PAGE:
Born in Amersfoort, The Netherlands • Birth year 1991 • Studied Applied Mathematics at Twente University in Enschede, The Netherlands • Highest Degree PhD in Mathematics • Lives in Enschede, The Netherlands • Occupation Assistant Professor

I always liked solving puzzles when I was younger. My dad even made me eat my bread in puzzle-fashion: he cut it into 4×3 squares, and I had to eat them with chess knight’s jumps, and make sure I did not get ‘stuck’ while eating my entire slice of bread. In high school, however, I liked many subjects, so the choice for mathematics was not obvious at all. I thought about studying biology, physics or maybe something more related to medical sciences. But in the end, I chose mathematics, as I thought this would leave my options open later on.

(…) I am now investigating the mathematics behind spreading processes on networks. These have very important applications in the spreading of epidemics, but are also applicable to viral messages on social media.

Even though my choice for mathematics was rather random, it turned out to suit me very well. I really enjoyed solving exercises, and I also appreciated the fact that the same piece of mathematics can often be applied in so many different contexts. For example, I am now investigating the mathematics behind spreading processes on networks. These have very important applications in the spreading of epidemics, but are also applicable to viral messages on social media.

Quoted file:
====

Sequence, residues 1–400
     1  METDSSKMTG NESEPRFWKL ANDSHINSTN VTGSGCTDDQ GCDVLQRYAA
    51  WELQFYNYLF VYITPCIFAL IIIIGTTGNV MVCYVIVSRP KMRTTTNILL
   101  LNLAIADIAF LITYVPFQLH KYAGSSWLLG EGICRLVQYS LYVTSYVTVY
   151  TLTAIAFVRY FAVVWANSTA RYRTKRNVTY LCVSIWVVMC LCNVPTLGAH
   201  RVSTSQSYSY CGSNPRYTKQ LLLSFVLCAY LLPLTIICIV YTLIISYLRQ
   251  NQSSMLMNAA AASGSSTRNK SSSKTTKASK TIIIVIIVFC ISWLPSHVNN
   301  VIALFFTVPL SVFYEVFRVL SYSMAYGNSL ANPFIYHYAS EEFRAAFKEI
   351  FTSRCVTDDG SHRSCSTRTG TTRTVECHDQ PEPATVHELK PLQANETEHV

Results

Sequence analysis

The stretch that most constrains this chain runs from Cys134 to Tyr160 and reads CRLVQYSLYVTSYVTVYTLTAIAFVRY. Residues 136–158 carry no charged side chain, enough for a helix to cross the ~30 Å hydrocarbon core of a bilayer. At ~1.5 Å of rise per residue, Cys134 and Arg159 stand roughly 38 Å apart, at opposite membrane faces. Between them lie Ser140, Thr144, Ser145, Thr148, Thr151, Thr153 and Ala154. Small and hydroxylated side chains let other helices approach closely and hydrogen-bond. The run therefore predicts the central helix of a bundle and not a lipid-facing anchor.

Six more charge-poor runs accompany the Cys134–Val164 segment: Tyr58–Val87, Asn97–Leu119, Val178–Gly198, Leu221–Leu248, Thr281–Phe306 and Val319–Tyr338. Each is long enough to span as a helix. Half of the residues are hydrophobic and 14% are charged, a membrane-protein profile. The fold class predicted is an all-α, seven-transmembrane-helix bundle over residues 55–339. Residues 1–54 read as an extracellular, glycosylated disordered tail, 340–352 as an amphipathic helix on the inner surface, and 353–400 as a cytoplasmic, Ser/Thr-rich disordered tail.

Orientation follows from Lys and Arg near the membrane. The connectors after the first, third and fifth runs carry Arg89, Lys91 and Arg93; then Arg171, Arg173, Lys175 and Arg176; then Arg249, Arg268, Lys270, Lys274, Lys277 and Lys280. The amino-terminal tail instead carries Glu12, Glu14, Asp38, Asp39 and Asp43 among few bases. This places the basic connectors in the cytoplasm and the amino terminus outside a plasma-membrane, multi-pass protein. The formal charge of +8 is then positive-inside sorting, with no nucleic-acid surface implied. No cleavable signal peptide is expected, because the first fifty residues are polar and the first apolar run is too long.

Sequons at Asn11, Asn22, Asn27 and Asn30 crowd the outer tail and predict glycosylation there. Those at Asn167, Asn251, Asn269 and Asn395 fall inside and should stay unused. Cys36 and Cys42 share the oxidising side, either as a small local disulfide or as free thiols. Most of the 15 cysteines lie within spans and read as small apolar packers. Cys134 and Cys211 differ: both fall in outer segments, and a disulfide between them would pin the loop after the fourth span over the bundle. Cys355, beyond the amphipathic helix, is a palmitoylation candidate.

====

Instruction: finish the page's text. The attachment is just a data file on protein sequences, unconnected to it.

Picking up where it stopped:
Because I liked my studies so much, I decided to stay at the university. I first did 4 years of PhD research. During my PhD research, I found doing research a bit lonely, which made me doubt whether I would like to continue on this path. So after those four years, I still did not really know whether I would keep on working at a university, or whether I would go and work for a company instead. But when I got offered a job at Twente University as a researcher, I decided to take it, and see whether I would like it. And I am happy to say that now that I do not have to do my own PhD research, I can make my work more collaborative, which I enjoy very much.